Friday, April 9, 2010


Among the Germanna Colonists, the name Fischbach became Fishback universally. Some other people may have adopted a different spelling and certainly the name is to be found in America as Fischbach. The general rule is that these people came later, at a time when spelling did matter. In the eighteenth century, exact spelling was not a requirement. For example, an early eighteenth century land patent refers to a Fischbach or Fishback as Fishbey.

The -bach to -back transition was almost universal. The Bach family of Freudenberg, with a bit of luck, became the Back family. I say with a bit of luck because the family came on the ship Oliver in 1738 and the ship never quite made it to the dock in Virginia. Of the eighteen family units recorded as leaving Freudenberg, only six made it to Virginia. (Maria Bach in Germany married George Weidmann in 1659 and was the grandmother of another successful 1738 immigrant, George Wayman.)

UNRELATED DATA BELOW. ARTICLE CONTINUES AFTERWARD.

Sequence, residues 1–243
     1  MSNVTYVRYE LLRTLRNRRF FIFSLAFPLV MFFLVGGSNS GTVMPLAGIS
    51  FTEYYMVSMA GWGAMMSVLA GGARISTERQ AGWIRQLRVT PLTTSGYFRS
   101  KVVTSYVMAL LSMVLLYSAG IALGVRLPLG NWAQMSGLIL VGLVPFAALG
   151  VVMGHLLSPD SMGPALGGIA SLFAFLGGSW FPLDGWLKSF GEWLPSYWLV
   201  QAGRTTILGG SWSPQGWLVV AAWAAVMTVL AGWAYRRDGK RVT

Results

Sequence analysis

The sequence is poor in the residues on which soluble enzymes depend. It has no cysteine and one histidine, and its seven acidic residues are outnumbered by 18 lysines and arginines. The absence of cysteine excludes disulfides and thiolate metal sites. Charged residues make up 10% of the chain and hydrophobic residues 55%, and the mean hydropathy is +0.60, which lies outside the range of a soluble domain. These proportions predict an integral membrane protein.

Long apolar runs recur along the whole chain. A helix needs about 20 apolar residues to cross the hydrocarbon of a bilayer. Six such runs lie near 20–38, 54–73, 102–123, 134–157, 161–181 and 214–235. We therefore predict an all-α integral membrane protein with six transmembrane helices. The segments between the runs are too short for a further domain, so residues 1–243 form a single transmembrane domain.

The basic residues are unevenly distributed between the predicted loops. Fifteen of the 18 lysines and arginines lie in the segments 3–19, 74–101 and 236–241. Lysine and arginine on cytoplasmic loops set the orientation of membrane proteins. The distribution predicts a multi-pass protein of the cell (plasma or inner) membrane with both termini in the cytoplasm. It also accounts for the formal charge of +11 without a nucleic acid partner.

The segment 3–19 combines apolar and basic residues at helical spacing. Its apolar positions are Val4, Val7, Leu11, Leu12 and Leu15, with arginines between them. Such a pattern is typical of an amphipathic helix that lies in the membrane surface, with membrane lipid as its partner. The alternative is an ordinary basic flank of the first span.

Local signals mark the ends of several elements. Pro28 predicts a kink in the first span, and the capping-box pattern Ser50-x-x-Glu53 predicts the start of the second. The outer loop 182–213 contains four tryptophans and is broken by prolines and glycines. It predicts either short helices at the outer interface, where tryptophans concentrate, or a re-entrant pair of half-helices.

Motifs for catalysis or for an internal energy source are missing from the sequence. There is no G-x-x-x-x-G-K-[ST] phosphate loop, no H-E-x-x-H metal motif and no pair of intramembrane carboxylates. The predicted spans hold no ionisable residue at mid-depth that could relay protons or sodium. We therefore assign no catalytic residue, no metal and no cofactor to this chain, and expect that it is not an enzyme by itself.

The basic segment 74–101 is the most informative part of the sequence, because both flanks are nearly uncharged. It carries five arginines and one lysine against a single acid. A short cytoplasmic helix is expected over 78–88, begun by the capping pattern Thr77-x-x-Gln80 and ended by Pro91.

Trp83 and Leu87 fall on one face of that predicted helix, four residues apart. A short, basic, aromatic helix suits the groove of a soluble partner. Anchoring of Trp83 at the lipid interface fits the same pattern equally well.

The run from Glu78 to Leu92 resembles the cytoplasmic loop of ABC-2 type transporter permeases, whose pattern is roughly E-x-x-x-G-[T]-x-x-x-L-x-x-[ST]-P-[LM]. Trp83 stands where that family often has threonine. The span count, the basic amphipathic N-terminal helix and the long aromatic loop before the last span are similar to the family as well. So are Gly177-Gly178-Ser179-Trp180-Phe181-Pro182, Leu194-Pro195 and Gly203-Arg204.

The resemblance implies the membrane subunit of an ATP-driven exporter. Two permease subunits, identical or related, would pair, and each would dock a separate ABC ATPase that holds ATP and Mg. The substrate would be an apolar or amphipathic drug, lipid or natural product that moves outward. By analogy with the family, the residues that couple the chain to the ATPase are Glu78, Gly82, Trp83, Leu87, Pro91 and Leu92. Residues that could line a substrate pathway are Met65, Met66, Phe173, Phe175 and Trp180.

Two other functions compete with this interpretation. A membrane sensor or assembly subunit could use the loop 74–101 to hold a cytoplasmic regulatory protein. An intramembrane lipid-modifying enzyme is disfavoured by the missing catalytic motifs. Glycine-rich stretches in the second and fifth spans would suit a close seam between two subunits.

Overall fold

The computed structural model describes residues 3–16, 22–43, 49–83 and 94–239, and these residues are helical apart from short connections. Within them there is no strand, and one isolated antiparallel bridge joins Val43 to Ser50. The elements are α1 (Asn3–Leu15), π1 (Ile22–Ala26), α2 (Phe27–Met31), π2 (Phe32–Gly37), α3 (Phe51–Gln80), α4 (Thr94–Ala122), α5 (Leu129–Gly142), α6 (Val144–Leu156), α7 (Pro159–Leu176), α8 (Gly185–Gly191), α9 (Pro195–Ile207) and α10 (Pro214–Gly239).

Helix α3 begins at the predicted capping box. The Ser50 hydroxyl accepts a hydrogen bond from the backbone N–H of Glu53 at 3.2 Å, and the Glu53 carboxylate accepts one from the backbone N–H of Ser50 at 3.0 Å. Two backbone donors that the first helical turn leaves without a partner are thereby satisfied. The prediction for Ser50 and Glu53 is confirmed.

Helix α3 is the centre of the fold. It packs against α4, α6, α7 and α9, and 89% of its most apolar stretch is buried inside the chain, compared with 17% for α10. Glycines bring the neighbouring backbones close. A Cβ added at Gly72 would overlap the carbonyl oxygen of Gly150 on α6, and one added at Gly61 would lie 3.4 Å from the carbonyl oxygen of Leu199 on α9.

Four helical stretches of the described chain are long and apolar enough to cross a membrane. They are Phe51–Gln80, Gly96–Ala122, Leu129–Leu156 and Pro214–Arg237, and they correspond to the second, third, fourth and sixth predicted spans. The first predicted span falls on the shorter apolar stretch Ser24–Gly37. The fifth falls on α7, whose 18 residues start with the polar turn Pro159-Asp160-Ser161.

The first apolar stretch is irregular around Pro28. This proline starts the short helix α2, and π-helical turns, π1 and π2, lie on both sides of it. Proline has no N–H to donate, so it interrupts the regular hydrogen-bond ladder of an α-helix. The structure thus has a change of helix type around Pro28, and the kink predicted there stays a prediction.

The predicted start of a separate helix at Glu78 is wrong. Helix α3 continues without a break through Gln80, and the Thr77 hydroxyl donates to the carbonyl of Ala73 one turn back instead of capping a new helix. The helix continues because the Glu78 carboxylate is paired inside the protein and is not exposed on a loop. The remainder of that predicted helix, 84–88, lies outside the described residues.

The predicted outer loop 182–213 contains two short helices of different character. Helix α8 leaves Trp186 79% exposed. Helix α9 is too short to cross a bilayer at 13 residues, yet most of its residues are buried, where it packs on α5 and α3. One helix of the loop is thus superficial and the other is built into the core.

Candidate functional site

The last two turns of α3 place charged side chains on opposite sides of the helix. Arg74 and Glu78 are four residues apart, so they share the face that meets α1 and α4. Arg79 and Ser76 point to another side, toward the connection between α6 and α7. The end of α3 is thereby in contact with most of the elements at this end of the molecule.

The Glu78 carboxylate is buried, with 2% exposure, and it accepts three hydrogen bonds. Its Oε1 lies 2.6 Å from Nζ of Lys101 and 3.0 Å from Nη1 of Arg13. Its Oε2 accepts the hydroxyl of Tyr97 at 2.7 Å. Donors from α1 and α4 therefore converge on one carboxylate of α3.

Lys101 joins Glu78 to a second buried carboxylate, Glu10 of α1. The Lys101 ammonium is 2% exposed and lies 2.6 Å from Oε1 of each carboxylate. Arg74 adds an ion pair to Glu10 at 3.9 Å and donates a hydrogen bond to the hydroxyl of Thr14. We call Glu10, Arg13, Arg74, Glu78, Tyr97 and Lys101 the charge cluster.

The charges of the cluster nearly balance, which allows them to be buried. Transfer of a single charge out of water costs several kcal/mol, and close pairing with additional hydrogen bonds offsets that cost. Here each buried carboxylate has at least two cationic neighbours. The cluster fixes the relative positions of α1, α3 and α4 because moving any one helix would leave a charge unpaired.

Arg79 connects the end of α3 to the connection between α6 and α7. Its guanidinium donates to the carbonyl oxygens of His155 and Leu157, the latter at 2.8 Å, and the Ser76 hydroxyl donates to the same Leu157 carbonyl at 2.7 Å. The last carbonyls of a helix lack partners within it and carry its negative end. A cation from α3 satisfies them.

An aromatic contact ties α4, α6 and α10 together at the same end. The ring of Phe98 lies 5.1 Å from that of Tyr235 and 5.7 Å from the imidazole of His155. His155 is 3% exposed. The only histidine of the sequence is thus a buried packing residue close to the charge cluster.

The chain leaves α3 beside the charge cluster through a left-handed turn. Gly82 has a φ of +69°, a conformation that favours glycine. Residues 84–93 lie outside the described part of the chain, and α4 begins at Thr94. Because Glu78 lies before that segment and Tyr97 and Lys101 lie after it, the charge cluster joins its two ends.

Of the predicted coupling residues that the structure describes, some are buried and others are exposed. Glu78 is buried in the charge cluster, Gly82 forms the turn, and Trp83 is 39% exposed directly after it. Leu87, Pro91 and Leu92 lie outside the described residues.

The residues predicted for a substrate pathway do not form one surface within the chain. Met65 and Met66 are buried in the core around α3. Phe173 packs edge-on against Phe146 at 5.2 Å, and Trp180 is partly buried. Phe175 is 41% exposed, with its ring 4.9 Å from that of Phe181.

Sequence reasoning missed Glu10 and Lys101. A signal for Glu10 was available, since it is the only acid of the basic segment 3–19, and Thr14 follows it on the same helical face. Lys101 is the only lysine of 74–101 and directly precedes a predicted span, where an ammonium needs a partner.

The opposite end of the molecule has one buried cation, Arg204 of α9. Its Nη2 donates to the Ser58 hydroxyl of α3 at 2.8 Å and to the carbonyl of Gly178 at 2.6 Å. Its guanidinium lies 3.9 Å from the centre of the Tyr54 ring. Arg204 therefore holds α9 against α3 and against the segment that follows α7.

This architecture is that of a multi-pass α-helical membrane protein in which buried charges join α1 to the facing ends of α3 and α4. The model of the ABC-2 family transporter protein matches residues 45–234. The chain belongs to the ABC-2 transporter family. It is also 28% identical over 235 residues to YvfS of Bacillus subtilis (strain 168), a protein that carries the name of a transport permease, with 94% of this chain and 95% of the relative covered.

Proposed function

The Brumback name in America shows, rather nicely, how names evolved. In 1572, we have "Jost in der Braunbach." Only a generation or two earlier, in lieu of a last name, individuals are referred to as the son of another individual. Apparently, with the passage of time, the family members were identified by the name of the farm, Brombach or Brumbach, on which they lived. (A similar process occurs with the Blankenbakers whose name in Austria seems to have been taken from the name of the farm on which they lived.) It appears that some Brombachs who came to America adopted the spelling Brumbaugh.

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